Friday, February 27, 2009

social clique - cliche

It's somewhat funny how close the two words clique and cliche are, I know they aren't actually that close, but I wouldn't be surprised if the same person thought them up and perhaps at the same time. Although this is all very unlikely. Well they probably are both french.

I was thinking about the convergence of media/cultures and media cultures for that matter, and how so many things and places want to be connected now more than ever to tap into all of these different cliques and cliches. For example the new cable ad that appears that a guy wrote a song a taped it for youtube that utilizes many of the common themes from music videos and youtube in one and sneaks in some video game themes, to sell cable tv. That definitely seems like a convergence right there.

Here's that video:

So why cliche, cliques... I know that most mediums are trying to focus their focus on one group of people in order to create a hype within that community and this seems to be working really well, and because of this many people can see that media is actually getting better. Television shows aren't boiler plate specials anymore throwing in the kooky neighbors, they are focused and try to create an interactive fan base. This is making more money for the industries and also keeping the market happy, we all win right?

Saturday, February 21, 2009

spoiler on spoiler

Interview with Chillone by Reality News Online

In doing a bit of research after reading the first chapter, led me to this interview, which is pretty interesting.
but could be a spoiler for those who haven't read it, so wait! or don't. that's the beauty of it all.

Tuesday, February 17, 2009

consider the source.

To begin to think of the implications of teaching media literacy in a library, my first thought is to educate those who come into any library setting about the sources of the books or media they are wanting to check out. The source for any media is many of things, for books it is the author of the book, but beyond that it is also the publisher and anyone else who may have funding production of the book...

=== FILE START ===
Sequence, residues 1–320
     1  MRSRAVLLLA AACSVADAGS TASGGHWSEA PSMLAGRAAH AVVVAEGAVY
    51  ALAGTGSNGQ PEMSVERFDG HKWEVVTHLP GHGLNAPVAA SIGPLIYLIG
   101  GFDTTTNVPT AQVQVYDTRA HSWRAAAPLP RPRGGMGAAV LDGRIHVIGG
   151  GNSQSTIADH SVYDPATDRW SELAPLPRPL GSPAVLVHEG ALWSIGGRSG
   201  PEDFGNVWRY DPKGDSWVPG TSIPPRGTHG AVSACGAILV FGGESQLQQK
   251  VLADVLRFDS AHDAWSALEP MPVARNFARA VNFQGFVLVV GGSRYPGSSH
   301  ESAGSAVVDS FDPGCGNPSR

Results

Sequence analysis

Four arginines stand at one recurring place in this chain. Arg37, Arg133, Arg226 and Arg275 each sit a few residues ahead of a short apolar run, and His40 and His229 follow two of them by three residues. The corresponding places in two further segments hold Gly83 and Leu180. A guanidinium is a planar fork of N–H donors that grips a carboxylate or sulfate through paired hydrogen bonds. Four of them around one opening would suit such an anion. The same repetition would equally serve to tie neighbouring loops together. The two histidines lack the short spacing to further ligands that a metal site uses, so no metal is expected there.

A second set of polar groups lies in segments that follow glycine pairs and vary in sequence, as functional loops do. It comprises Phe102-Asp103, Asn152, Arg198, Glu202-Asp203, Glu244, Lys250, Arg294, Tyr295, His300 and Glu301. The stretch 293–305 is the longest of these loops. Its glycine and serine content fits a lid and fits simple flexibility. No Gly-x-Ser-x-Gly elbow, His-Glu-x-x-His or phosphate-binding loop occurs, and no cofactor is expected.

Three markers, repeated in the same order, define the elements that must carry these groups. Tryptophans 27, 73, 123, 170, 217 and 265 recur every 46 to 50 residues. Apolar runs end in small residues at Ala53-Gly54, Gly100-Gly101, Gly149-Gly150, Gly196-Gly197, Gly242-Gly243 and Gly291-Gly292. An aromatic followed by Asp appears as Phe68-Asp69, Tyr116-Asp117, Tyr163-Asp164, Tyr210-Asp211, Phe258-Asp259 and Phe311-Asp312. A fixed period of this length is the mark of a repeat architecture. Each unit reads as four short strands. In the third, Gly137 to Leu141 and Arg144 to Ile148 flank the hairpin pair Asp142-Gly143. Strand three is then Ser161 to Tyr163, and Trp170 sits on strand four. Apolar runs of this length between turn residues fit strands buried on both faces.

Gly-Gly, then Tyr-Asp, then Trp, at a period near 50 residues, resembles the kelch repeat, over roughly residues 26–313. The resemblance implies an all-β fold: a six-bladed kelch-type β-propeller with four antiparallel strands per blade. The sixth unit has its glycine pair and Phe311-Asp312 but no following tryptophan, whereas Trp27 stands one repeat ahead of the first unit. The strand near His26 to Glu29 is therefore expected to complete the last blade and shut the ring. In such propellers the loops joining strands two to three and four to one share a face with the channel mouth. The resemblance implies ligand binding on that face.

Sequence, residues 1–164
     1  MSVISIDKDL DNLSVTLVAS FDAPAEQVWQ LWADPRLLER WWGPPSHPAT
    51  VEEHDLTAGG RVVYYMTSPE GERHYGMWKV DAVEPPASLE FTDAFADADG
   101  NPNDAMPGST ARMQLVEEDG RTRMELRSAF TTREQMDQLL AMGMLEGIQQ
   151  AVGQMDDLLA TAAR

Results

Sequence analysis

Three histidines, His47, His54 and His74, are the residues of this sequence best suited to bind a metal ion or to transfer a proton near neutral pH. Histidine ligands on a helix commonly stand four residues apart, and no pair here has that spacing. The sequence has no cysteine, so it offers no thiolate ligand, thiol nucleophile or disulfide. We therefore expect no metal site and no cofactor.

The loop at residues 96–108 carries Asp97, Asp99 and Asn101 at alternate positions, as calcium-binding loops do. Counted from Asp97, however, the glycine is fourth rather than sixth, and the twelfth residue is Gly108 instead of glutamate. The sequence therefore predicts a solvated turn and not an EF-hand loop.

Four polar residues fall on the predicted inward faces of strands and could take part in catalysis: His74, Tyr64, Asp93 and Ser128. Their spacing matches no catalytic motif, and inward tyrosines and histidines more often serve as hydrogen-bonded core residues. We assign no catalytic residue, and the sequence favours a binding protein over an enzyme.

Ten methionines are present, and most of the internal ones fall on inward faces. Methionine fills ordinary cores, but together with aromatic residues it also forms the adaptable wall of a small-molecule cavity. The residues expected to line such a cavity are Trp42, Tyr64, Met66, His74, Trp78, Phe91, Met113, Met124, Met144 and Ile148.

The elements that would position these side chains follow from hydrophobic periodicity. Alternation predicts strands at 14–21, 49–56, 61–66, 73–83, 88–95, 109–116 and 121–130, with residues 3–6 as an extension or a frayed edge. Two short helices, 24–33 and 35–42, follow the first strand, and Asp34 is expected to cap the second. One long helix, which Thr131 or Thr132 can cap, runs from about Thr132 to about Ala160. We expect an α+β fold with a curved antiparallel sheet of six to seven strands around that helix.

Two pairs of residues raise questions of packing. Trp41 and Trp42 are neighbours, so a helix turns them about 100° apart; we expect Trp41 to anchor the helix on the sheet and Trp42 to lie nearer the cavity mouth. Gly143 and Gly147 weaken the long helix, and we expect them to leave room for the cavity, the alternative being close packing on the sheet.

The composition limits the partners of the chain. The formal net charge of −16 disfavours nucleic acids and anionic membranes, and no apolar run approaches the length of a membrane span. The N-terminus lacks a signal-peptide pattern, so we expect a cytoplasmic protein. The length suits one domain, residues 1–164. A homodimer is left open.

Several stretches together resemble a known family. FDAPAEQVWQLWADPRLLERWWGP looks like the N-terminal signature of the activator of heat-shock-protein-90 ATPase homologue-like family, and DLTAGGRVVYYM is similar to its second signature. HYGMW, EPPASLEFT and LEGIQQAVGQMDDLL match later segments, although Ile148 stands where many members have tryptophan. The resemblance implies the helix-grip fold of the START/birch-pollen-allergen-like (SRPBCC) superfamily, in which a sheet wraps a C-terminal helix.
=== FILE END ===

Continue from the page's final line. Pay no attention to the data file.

Doing this I believe immediately can open the eyes of patrons to understanding the value of the messages of what they are reading. If a health/diet book is funded by McDonald's you can immediately tell that something fishy is going on with that book.

But other media can be broken down this way as well... for example, many local papers are funded by the grocery store advertising, and with equally less frequency there is not discussion of grocery stores/food safety in many papers because they do not want to lose this crucial funding. There seem to be a great load of articles on this topic at this website I was going to specifically link to this piece, but think it may be a bit to research/science based to prove the point I was looking for but I suppose I am doing it anyway:

Thinking about education of media sources, I think this starts to get the discussion going, determining who publishes certain video games or romance novels or whatever it may be is a great way to get people to start thinking about the media they are consuming, similar to the nutrition fact labels on food product, many disregard them and don't realize what goes into food anymore... the same is happening with our media sources.